Another key tool for playing by our own rules is Patreon. Wendy Xu told me about it a few years ago and now, nearly every indie comics creator I know has one. (Go support her Patreon, by the way, especially if you like witch stories!) This is probably already old news to many, but it bears a reiteration, especially for people like me, people who rarely use social media. For the longest time, I was out of touch. Sure, I backed a few Kickstarters and used the pre-populated tweet about backing them, but I wasn’t using my own voice enough. And I wasn’t keyed into Twitter enough. As you can tell, I’m more of a long-form kind of gal.
A lot of my friends aren’t very “plugged in.” Perhaps it’s because we were born on the cusp of the Millennial generation. We lived our childhood without computers and smartphones. But that may just be another excuse. I now more deeply understand that whether you are a marginalized person or an “ally,” if you want to change the world for the better, you have to go beyond buying a book or supporting a Kickstarter, you have to join in on the conversation.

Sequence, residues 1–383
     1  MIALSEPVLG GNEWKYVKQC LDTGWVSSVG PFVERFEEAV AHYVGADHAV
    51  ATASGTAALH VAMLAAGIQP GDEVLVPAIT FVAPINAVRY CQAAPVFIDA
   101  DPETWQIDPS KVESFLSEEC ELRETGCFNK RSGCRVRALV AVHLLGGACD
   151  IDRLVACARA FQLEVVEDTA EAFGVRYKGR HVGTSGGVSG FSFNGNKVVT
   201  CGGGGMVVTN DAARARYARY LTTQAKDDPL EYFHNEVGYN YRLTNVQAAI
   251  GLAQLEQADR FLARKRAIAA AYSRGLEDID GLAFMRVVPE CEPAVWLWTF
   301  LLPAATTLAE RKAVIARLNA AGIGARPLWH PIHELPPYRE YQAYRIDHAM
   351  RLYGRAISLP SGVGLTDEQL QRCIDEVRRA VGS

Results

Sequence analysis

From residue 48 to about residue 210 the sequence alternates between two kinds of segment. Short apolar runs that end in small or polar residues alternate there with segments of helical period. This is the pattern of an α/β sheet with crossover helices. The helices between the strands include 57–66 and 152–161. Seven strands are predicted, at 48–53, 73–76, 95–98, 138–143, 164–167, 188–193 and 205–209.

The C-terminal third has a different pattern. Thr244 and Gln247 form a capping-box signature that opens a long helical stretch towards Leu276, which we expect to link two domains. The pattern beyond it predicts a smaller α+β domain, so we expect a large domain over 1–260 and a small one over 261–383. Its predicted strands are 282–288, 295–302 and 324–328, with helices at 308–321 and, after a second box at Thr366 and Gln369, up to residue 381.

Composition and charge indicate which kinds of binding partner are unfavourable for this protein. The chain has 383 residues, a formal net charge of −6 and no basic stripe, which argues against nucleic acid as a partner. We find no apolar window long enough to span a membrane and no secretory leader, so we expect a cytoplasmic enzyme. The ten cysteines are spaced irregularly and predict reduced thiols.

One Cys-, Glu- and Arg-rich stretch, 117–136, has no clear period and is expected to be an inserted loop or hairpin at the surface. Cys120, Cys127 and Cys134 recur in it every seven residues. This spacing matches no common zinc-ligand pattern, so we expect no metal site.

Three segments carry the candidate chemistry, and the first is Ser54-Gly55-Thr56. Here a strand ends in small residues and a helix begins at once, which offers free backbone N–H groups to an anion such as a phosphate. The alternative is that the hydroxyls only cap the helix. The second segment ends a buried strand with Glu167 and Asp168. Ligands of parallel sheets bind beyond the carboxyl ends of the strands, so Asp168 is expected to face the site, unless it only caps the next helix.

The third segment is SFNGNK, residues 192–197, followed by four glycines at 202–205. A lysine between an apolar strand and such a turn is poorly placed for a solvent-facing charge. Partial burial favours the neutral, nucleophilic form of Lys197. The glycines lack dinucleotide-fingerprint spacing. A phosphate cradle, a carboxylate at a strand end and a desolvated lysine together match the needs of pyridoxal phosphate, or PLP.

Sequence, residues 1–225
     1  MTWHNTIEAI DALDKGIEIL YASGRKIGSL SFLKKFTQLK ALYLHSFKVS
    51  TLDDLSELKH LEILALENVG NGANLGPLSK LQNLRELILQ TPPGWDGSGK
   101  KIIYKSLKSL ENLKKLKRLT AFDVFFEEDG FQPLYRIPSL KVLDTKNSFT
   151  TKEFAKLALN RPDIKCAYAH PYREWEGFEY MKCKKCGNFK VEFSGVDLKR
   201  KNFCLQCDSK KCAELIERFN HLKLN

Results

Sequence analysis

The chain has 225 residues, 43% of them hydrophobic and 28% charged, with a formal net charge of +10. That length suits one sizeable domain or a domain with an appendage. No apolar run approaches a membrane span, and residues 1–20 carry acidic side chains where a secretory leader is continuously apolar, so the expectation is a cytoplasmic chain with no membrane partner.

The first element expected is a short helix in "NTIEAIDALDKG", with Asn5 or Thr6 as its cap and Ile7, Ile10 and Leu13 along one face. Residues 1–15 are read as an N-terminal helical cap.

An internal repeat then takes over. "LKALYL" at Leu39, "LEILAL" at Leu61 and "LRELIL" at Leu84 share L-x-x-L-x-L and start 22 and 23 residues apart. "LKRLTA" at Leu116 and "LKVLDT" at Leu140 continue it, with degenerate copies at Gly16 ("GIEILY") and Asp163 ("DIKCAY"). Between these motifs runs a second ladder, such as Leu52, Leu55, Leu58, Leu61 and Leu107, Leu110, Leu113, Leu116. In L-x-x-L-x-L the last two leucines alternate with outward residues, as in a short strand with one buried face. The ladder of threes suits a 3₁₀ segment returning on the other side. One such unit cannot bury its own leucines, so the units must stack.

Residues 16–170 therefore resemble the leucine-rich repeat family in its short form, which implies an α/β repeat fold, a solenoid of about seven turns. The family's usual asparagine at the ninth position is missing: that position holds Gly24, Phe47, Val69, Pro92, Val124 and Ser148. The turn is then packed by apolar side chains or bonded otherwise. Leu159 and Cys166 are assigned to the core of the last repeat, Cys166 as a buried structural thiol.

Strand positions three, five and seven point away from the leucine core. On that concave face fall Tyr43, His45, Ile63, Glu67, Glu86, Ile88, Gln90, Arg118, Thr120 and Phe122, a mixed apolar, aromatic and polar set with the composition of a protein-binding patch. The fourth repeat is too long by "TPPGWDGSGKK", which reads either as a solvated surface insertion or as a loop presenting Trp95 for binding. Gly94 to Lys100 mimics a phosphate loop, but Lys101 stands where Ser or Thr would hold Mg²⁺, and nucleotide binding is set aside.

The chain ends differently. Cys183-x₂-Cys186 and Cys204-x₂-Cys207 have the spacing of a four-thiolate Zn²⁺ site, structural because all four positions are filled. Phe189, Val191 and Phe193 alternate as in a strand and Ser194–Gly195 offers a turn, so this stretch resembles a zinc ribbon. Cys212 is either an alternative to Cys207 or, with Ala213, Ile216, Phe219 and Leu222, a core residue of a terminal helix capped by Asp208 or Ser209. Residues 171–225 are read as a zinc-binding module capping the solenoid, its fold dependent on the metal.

But enough self-deprecation. What I’m trying to say is, while social media can be exhausting, while hearing about the news can bring up anger and pain, and while taking the time to write an Amazon review can feel like a burden on top of all the other life shit we have to deal with, it’s worth it. Change is work. I have to remind myself of that constantly.
My hero, may she rest in power, Grace Lee Boggs, said that “we are the leaders we’ve been looking for” and it’s so easy to lose sight of that. To be sure, everyone is entitled to take time for self care, but only we can put in the hours. To help diverse creators get more of their work out there, we need to be a part of the news that matters to us. These are not new ideas or insights. Much like the power of a single Amazon review, this is another voice that will help amplify the chorus and hopefully inspire others to do the same.